No Need to Forgive

In Buddhism there isn’t much emphasis on overcoming resentment through forgiveness. Christianity is all about atonement for sin, and learning to forgive your trespassers, but Buddhists think of the very fact that one takes offense in the first place is the real problem. That’s where the error lies. Just as suffering has its origin in desire, so does the tendency to take offense come from something within us, something we’re in control of. So if you want to get all bent out of shape, that’s your call, but don’t pretend you’re not the one doing it.

Maybe that’s why so few people beep their horns at each other. I’ve never seen a driving action end up in a fight, nor have I heard one driver yell at another. For all their strange notions about driving and governance, I can’t help but admire this trait.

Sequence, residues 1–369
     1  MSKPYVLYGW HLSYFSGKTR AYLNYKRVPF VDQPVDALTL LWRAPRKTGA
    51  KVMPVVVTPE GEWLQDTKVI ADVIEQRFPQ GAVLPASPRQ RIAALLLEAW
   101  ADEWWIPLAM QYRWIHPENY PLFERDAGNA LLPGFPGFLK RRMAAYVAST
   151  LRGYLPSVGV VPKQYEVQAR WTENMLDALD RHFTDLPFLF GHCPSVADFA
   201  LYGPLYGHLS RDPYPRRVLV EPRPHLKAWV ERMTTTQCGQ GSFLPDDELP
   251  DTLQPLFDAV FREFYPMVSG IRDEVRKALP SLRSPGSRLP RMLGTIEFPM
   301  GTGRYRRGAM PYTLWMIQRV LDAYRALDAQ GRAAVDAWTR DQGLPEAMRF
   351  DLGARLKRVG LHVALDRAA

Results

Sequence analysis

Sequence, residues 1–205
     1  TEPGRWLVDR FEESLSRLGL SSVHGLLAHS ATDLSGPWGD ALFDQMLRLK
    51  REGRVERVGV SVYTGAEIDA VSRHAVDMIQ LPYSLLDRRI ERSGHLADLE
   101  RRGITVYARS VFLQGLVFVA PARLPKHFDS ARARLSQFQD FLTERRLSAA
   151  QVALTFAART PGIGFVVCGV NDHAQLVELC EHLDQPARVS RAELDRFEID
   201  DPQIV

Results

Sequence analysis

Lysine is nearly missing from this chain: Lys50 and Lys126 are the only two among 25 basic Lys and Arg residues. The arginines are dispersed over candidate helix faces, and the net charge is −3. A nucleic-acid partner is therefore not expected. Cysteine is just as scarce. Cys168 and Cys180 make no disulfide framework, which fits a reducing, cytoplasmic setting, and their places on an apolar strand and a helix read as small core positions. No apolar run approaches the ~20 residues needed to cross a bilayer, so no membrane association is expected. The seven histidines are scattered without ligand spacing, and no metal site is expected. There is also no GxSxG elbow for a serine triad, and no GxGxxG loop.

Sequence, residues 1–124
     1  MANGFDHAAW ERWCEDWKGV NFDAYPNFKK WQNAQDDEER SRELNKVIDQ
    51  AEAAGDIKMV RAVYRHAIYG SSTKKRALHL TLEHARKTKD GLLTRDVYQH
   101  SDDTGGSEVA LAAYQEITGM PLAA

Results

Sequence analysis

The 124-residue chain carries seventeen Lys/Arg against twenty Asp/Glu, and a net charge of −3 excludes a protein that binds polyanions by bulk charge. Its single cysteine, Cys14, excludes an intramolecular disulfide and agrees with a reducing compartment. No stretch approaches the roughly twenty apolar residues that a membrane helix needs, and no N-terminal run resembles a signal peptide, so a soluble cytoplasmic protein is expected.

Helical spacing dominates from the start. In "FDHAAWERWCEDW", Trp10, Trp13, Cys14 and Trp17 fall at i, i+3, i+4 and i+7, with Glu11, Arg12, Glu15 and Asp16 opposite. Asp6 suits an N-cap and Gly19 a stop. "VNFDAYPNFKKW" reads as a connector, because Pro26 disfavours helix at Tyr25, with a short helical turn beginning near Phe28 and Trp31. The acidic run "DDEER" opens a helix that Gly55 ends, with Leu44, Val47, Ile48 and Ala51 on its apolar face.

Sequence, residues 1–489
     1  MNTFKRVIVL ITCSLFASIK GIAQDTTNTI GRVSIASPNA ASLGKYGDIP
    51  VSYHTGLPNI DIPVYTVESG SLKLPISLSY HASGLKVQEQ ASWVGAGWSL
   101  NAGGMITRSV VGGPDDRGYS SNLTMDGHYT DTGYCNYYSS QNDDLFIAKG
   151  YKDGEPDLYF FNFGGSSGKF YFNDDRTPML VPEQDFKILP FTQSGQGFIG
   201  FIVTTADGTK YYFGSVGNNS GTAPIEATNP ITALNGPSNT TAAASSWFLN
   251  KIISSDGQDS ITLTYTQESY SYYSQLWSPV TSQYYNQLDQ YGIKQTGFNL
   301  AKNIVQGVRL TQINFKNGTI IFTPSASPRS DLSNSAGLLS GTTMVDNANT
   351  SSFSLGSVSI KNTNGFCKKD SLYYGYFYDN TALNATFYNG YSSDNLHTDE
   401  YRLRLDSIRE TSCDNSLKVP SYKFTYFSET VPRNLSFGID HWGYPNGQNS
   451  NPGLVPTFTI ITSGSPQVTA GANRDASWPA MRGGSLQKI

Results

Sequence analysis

A Buddhist Temple Hidden in the Woods

In our crowded student ghetto, there’s a temple back here, tucked away in about five acres of dense woods. We live in an area that is clogged with apartment buildings, parking lots, with narrow lanes disgorging thousands of motorbikes an hour into the main streets, but curiosity got me to scope around close to the trees that extend all the way up the mountain. It’s called Wat Umong.

Some of the signs are in English, and they do quite a bit of meditation training and welcoming foreigners to study Buddhism. There are men’s and women’s dormitories, for guests, as well as a brand-new, air-conditioned meditation hall. There are also spooky tunnels.